The German military authorities most advantageously employed the respites given them by the strategic errors of the Allies. Never have the broad lines of trenches, the far-flung battle frontiers, been more powerfully guarded than now. Never have the Germans had more abundant stores of munitions. Never has the network of railways covering the length and breadth of Pan-Germany been so complete. Never has the Great General Staff, making full use of its central position, been better able to concentrate on any front with lightning speed. For these reasons, it is my opinion that we may safely say that never before has the Berlin government, from a military point of view, been so strong. The various statistics which justify such a conclusion are, I think, to be relied on. Even supposing them to be exaggerated, it is much better to run the risk of overestimating the enemy’s strength than to underestimate it. Many of the Allies’ mistakes sprang from neglect of this axiom.
Let us now attempt to forecast the German military plans for 1917. For some weeks persistent reports have been telling of their tremendous preparations for hurling an offensive against the Russian front. As for the FrancoBritish front in the West, it was stated that the General Staff at Berlin would be glad to hold things stationary on that side until, after winning the victory on which they count in the East, they are free to devote their attentions to the occidental theatre. This project, of course, cannot be confirmed; but the voluntary shortening of the western line by the Germans would lend color to its probability. Moreover, such a plan would coincide perfectly with the present interests of Berlin, with the habitual methods of the Kaiser’s General Staff, with the broad Pan-Germanist scheme, and with the personal preferences of Marshal von Hindenburg. It is also natural that the Germans should avail themselves of the sinister and undeniable effects of the Russian imperial administration on the army and civil population of the country before the new government at Petrograd has time to repair the all-too-abundant harm that has been wrought.
We must cherish no illusions. As long as it can dispose of the vast resources of Pan-Germany, which, to my thinking, are still taken too lightly by the Allies; while the results of the Russian revolution are still uncertain; while the reorganization of the Muscovite armies still remains uncompleted, the government at Berlin, in spite of its serious problems connected with the food-supply, is still convinced that it can win a decisive military victory by dealing one by one with its adversaries. And so we should foresee that the German General Staff will meet its problems in succession.
It seems probable, then, that it will follow the basic principles of warfare and concentrate all the forces at its disposal against the weakest front. This, without question, is the RoumanoRussian line. Its great extent, together with the formidable development of the German railway system (infinitely superior to that of the Russians), makes it easier to introduce the element of surprise, which is of capital importance for swift, decisive victory. The Russians, too, are certainly less well provided with munitions of war than the Franco-British troops; and the Germans have succeeded in further weakening them by means of the terrible explosions recently engineered by their spies at Archangel. As a result of the execrable administration of the former government, the food situation in Russia is most critical, while the revolutionists are not yet sure of the reorganization of the military forces. The Germans, therefore, have an unquestionable interest in profiting without delay by this state of affairs.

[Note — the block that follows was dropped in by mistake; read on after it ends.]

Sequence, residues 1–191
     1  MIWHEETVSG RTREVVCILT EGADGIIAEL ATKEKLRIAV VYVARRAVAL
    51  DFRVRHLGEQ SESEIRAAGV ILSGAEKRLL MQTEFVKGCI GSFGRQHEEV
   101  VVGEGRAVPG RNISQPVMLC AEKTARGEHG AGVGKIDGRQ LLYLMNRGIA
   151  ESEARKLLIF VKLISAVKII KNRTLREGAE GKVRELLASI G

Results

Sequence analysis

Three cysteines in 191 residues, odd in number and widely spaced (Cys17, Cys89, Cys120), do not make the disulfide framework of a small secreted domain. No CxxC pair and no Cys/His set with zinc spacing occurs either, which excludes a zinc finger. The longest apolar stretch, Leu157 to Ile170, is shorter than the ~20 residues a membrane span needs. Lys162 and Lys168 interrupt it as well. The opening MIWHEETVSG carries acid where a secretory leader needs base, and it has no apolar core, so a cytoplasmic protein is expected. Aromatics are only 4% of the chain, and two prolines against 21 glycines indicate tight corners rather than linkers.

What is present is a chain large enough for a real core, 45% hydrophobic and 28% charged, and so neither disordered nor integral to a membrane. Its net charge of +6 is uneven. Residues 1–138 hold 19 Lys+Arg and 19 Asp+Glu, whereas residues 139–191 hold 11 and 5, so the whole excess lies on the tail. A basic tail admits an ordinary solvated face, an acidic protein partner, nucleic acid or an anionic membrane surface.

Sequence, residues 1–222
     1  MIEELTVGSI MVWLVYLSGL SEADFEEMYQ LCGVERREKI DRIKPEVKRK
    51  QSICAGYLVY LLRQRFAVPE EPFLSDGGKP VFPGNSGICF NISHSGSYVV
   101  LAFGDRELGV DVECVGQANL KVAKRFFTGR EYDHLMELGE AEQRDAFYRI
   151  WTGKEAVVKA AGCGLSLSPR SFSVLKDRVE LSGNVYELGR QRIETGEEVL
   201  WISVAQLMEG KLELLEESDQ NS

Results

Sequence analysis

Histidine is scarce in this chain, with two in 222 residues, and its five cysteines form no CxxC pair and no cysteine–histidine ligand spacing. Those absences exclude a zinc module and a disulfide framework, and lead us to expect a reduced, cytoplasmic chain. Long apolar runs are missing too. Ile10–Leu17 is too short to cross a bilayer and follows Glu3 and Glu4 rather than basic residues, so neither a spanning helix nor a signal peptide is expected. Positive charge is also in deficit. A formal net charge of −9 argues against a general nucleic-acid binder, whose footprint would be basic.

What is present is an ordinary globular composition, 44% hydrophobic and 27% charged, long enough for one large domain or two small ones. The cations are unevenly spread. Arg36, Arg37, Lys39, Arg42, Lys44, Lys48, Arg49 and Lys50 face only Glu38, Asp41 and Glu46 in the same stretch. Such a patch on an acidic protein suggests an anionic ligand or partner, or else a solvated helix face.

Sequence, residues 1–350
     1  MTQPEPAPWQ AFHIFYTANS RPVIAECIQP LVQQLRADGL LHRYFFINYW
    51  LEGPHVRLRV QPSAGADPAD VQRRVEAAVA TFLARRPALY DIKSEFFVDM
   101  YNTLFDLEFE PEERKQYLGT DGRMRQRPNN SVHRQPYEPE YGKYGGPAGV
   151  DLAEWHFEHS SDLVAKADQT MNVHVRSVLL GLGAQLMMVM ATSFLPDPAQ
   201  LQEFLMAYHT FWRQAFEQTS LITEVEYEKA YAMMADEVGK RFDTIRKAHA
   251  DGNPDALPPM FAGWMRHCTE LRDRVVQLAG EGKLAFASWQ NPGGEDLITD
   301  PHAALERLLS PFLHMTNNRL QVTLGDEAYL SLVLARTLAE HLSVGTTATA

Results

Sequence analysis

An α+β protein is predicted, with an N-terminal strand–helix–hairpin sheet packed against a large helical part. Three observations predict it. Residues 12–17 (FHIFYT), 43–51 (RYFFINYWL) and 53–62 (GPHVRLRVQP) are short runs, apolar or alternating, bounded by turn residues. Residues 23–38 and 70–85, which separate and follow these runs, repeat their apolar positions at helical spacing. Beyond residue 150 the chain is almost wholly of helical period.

A vigorous offensive on the Eastern front is also in harmony with the PanGermanist plan, which for twenty-five years has looked forward to the seizure by Germany of Riga, Little Russia, and Odessa. And a German success in the south of Russia would be big with economic, naval, military, and moral consequences of world-import. The Germans would become masters of the rich and boundless wheat-lands of Little Russia which, from the midst of their food problems, they watch with greedy eyes. The capture of Odessa and the complete conquest of the Black Sea, by means of transports (sent in large numbers down the Danube, thus permitting surprise attacks at vital points), would end in the loss of the Crimea and, probably, the fall of the Caucasus into the hands of the Turco-Germans. The British, then, could no longer hold out at Bagdad. Freed by such successes from all immediate fear of Russia, the Germans could then turn in enormous strength against the Balkan front of the Allies. Under these hypothetical conditions, one may assume that the Allied army north of Salonika, demoralized by the Russian reverses, would be taken prisoners or driven into the sea.